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The Black Pearls of Fryslan*

Majestic jet-black horses running across green pastures. Long dark manes and tails flowing in the wind. Huge strong-feathered hooves pound the ground as these graceful creatures glide along the hillsides. Anyone who sees them is in awe. It takes your breath away and captures your heart. You feel as if you have entered the presence of royalty. Meeting one of these elegant equines stirs your emotions and starts a quest in many to own one of these magnificent horses.

Friesians have a long and romantic history. The formation of the breed goes back many centuries. They were developed before Roman times. Friesian horses carried knights in the crusades and were war horses during the middle ages. They are depicted in many European paintings.

The Friesian horse originally came from Friesland, a province in the northern part of The Netherlands. The Netherlands is a small country also known as Holland. Friesland is an old country bordering the North Sea. It has its own culture and language dialect, which can be difficult to understand by people from other parts of The Netherlands. The Fries view their province as a country of its own. They have their own horse breed, as well as its own breed of dogs. The people are proud and attached to tradition. They are sensitive and passionate about their horses. The Friesian Horse is a part of Friesland's history and culture. The Fries lovingly refer to them as their Black Pearls.

At one time the breed was threatened with extinction. In the 1960's, only about 500 Friesians were registered, which affected breeding. With the development of tractors and cars, fewer horses were needed to work the land and the carriage was a thing of the past, resulting in a vast decrease in the horse population. It is only to the credit of some committed breeders that the Friesian horse are available as a purebred today. Breeders stayed loyal and did not crossbreed them to other breeds.

The Friesian breed has been purebred for the last two centuries. In the 16th and 17th century, Friesians were crossed with the Andalusian horses from Spain and the Arabian, thus giving them the high stepping knee actions, and swan like neck. Friesians are considered warm-blooded horses because of their disposition.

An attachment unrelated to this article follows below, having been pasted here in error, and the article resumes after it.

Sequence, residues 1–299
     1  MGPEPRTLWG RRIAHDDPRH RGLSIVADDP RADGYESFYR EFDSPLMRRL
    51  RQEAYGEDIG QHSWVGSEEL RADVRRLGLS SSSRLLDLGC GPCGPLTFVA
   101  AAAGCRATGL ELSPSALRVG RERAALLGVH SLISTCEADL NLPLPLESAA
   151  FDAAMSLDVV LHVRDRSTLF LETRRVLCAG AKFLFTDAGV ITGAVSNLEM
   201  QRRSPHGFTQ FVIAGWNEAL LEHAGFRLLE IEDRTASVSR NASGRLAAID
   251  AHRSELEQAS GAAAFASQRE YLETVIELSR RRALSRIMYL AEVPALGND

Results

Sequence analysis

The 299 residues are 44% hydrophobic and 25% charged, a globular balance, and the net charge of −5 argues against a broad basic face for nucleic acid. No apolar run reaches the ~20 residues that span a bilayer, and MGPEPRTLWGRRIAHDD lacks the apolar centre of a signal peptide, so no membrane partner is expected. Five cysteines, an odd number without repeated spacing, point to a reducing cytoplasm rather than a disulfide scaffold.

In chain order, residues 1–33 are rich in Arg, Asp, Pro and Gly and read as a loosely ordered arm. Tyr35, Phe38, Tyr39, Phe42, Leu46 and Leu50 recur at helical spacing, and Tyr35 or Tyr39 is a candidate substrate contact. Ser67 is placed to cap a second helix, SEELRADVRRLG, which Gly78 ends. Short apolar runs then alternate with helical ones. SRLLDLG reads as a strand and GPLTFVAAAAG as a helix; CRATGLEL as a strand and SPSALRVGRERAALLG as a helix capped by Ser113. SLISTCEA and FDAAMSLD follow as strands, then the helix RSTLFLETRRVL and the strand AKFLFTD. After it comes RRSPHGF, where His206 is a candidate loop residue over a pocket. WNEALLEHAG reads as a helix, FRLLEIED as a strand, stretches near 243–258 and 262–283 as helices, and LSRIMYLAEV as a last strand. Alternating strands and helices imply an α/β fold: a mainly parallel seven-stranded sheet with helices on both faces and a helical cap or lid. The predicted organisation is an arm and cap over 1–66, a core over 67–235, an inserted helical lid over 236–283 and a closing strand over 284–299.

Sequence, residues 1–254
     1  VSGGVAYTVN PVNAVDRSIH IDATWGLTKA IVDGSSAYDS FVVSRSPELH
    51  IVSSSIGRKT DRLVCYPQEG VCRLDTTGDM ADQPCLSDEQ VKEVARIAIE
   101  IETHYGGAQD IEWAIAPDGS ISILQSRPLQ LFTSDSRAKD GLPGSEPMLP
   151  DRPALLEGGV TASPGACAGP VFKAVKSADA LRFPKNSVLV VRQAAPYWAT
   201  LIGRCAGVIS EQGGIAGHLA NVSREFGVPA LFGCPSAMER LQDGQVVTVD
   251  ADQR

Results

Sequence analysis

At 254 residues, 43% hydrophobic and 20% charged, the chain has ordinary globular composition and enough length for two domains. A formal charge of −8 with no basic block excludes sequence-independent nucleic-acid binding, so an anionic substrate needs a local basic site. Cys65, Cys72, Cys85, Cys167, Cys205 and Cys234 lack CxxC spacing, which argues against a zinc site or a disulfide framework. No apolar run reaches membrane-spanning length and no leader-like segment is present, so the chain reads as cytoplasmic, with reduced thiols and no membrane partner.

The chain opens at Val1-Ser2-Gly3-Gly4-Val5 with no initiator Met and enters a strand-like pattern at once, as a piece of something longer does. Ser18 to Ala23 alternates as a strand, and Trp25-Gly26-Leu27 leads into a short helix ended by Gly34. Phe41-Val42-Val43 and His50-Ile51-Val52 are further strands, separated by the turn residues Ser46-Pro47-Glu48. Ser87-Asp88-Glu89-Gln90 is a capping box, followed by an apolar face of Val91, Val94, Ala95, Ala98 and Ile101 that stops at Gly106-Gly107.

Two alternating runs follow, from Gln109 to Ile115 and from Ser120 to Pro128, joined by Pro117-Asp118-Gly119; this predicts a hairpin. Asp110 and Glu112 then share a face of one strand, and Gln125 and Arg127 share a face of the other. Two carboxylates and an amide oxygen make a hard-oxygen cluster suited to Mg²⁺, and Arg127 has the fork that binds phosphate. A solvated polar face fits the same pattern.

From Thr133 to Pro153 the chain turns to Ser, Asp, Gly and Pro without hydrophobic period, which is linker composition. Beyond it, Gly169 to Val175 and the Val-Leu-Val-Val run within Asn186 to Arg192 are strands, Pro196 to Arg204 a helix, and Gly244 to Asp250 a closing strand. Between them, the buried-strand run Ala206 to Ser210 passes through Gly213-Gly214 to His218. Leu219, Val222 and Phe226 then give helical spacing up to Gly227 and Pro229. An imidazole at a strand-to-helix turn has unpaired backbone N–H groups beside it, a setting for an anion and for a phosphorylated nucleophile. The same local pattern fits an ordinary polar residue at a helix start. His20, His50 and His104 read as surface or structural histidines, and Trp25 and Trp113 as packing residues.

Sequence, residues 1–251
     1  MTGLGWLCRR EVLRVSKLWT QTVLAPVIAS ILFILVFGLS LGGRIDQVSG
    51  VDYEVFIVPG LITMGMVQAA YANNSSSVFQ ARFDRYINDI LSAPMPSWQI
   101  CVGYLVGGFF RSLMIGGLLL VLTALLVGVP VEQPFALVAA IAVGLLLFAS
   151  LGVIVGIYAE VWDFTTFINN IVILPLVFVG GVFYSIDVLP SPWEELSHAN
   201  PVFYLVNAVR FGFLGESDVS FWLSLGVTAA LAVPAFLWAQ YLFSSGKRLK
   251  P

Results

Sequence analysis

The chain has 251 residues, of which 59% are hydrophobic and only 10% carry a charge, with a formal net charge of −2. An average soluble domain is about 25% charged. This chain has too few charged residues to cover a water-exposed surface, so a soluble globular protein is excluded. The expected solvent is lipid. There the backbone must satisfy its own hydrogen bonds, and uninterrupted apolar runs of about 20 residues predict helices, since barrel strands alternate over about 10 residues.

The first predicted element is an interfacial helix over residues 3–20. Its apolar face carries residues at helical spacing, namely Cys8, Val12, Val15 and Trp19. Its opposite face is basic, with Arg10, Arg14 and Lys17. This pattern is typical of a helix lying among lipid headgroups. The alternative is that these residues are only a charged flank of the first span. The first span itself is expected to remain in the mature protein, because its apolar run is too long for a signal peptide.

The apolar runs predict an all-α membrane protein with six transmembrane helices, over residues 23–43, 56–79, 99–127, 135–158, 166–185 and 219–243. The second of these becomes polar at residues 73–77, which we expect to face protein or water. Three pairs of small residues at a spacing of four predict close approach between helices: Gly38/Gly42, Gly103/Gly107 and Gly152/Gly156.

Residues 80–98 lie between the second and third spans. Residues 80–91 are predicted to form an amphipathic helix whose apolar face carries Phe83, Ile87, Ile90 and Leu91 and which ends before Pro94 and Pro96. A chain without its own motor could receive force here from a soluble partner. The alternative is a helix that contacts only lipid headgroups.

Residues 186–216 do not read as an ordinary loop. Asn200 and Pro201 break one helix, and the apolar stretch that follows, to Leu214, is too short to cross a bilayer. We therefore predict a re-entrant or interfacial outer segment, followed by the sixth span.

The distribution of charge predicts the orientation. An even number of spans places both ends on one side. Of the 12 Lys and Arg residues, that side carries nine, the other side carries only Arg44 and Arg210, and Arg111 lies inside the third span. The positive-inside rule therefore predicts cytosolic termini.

Friesians have an impressive stature that sets them apart. With the impressive long mane and long thick tail they make people stop and stare. Friesians love attention and truly are hams. They love to show off. Especially in the show ring. The more people watch and cheer the more animated they become. They are natural born stars.

Their manes and tails will grow to the ground. Friesians are bred exclusively black. In the past the Friesian was bred as a heavier draft type for farming but today the modern taller, lustrousness type is preferred. The very best part of the Friesian is its easy going disposition, making it a great horse for riders and drivers of all ages. They are always willing to please, work hard, and try whatever their owner wishes. They are quite clever and delight in surprising their owners with stall opening tricks.

Friesians were first imported to the States in 1625. The Dutch love to travel and trade. They founded a providence called New Amsterdam where they imported the first Friesian. In later years this city was taken over by the English and the name was changed to New York. Friesians are now found in areas all over the United States and the World.

They also found their way to Hollywood. Several years ago the Friesian horse made its film debut in the movie Lady Hake with Michelle Puffer, Matthew Broader, and Rutgers Her. Your heart is riveted with awe as you watch the Knight Navarre ride his mythical stallion Goliath to rescue the beautiful maiden Isaboux. The world now is in love with the magical Black Beauty!!!!!

If you are interested in knowing more about this stunning, unique breed you can join the Friesian Horse Association of North America [1-541-549-4272].

The Friesian horse can be seen every year in the Rose Parade. They show in California at the Del Mar Fairgroundsin June, the Ventura County Fair(first weekend in August), the Draft Horse Classic in Grass Valley at Nevada County Fairgrounds in September and at the California Pomona County Fair in September. Call for exact dates and times.

*Written by Joca van der Veen DVM, published by Lesa Bobbit, North American Friesian Journal Magazine, October 2001, (252) 257-1618, with minor modifications by Gloria Muscarella.

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